The Intern, 2015
The best kinds of movies leave you inspired long after you leave the theater. It just so happens that The Intern falls into this category, and so does every other film done by its director: Nancy Meyers. You may recognize her name from the slew of your favorite DVDs lining your shelf with titles like Father of the Bride and It's Complicated and The Holiday and The Parent Trap. A true classy lady, Nancy's movies are known for their unique points of view, attention to detail, and of course, their beautifully furnished sets. The Intern excels in all of these categories and provides an overwhelmingly accurate commentary on friendship, success, and the modern woman. What particularly resonated with me is Meyers' depiction of the contrast between the Millennial men and Robert De Niro's character, Ben. Anne Hathaway mentions somewhere in the film that men used to be more chivalrous and put together - now they dress like little boys and there is very little incentive for them to grow up. We are a Peter Pan generation. I don't know if this is a good or a bad thing, but it certainly is an interesting talking point about modern culture. And of course, I fell in love with the artistic characteristics of Meyers' world, especially Anne Hathaway's wardrobe and her hip Brooklyn office. I love clean white washed walls and beautiful typography, both of which were expertly represented. My favorite Jules Ostin (Anne's character) outfit was definitely her first one: black flouncy skirt, cable knit white sweater and calf hair pumps. And she wears it to ride her bike around the office!!!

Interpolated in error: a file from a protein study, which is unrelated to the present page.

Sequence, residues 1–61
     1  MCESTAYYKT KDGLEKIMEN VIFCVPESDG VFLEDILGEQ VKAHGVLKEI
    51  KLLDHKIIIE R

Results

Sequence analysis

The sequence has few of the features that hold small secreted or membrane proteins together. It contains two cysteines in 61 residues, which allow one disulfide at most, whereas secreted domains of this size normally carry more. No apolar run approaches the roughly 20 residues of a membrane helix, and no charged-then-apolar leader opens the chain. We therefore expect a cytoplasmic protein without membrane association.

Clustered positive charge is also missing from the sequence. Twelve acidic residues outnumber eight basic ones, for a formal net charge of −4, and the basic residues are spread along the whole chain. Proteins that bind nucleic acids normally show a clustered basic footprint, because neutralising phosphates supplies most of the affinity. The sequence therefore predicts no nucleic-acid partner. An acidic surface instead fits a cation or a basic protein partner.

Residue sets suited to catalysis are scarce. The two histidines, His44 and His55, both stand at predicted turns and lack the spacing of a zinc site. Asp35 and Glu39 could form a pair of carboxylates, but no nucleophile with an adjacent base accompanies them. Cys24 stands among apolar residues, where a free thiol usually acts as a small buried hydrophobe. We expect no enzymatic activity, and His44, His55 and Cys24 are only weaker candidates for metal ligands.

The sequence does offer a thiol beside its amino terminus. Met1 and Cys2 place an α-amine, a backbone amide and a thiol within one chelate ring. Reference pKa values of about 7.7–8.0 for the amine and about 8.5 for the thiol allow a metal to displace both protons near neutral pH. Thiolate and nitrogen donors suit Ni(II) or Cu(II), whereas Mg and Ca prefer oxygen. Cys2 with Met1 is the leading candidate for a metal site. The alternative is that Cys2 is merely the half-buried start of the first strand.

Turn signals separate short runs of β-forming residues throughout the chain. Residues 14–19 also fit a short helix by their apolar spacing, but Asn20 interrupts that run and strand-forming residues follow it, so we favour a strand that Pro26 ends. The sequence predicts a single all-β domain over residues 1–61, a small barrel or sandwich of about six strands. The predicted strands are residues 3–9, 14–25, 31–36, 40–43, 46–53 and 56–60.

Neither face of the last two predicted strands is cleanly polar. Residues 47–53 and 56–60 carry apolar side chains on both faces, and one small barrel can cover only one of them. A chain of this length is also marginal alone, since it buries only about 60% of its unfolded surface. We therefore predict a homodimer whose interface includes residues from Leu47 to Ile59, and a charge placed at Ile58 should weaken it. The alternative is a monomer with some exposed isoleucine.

|The Intern, 2015|
Since seeing the movie with my friend Kaitlin one rainy Friday evening last weekend, I've read several interviews with Nancy and thought I'd relay some highlights for those of you unfamiliar with the movie and with Meyers herself.
People just want to be in your movies. Everybody wants to be at that dinner in It's Complicated when she's telling all her friends about her affair with her ex-husband. The pies look so good! And the friends are so nice! And it's all so flatteringly lit!
Because it's fun. I got a call from a guy I know and he told me about the bachelorette party. And I said, "What? They're doing what? I need to talk to them." So I Facetimed with them, and they were all in their turtlenecks. They rented a house for the weekend. They made everything that's on the menu. So there was roast chicken. And I think they tried to make lavender ice cream or something from It's Complicated. They were adorable, these girls.
On channelling her impressions of the younger generations on screen:
This generation, they're inventors. They've changed the way we communicate with each other. And so I have great admiration for them. But at the same time the character Bob De Niro plays in this movie is an old-fashioned gentleman who stands up when she comes in the room. He always wears a suit because he's so comfortable in his suit and he finds it respectful to her. And it's also his work outfit, which he misses, being in that suit. So there's just such a big difference between the Millennials and his generation that I do make a point of pointing that out to the audience.
On whether the different generations can get along:
Well it's a bit what the movie's trying to say, Ari, you know, just to be less judgmental. So his shirt's not tucked in, or so he has a flip phone. so what? What happens is the boys in the film really, as they say, have a man crush - a big man crush - on Bob's character. And they learn a lot from him. And I didn't write the copy line on the poster, but it does say "Wisdom never gets old." And I really liked it when I read it. And I though whoever wrote that really captured something. So, it's a hopeful piece.
What career advice would you give women?
When I talk to young women, it sounds cliched, but I say, be true to yourself. Doing the same work as everyone else, or copying what just happened, is not going to help you. Hear your own voice. The best thing you have going is you.
On my Pinterest is this great quote from Dr. Seuss that says, "Today you are You, that is truer than true. There is no one alive that is Youer than You."
I write about what I find real, what I find funny, what I find emotional. My youngest daughter is a writer, and today she went into a meeting and I texted her, "Be confident, they need you." People need young talent. To me, they're lucky she's walking in the room.
* * *